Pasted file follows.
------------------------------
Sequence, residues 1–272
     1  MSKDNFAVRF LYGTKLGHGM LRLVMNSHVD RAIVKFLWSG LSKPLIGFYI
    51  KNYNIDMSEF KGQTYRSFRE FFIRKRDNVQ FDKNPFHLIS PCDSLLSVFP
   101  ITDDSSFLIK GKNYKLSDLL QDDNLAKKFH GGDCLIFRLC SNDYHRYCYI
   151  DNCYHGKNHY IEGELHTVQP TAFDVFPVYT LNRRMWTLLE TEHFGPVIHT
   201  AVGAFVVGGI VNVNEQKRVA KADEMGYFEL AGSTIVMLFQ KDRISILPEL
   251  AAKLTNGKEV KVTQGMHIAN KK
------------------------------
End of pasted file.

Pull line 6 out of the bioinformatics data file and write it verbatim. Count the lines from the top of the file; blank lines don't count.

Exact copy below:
   201  AVGAFVVGGI VNVNEQKRVA KADEMGYFEL AGSTIVMLFQ KDRISILPEL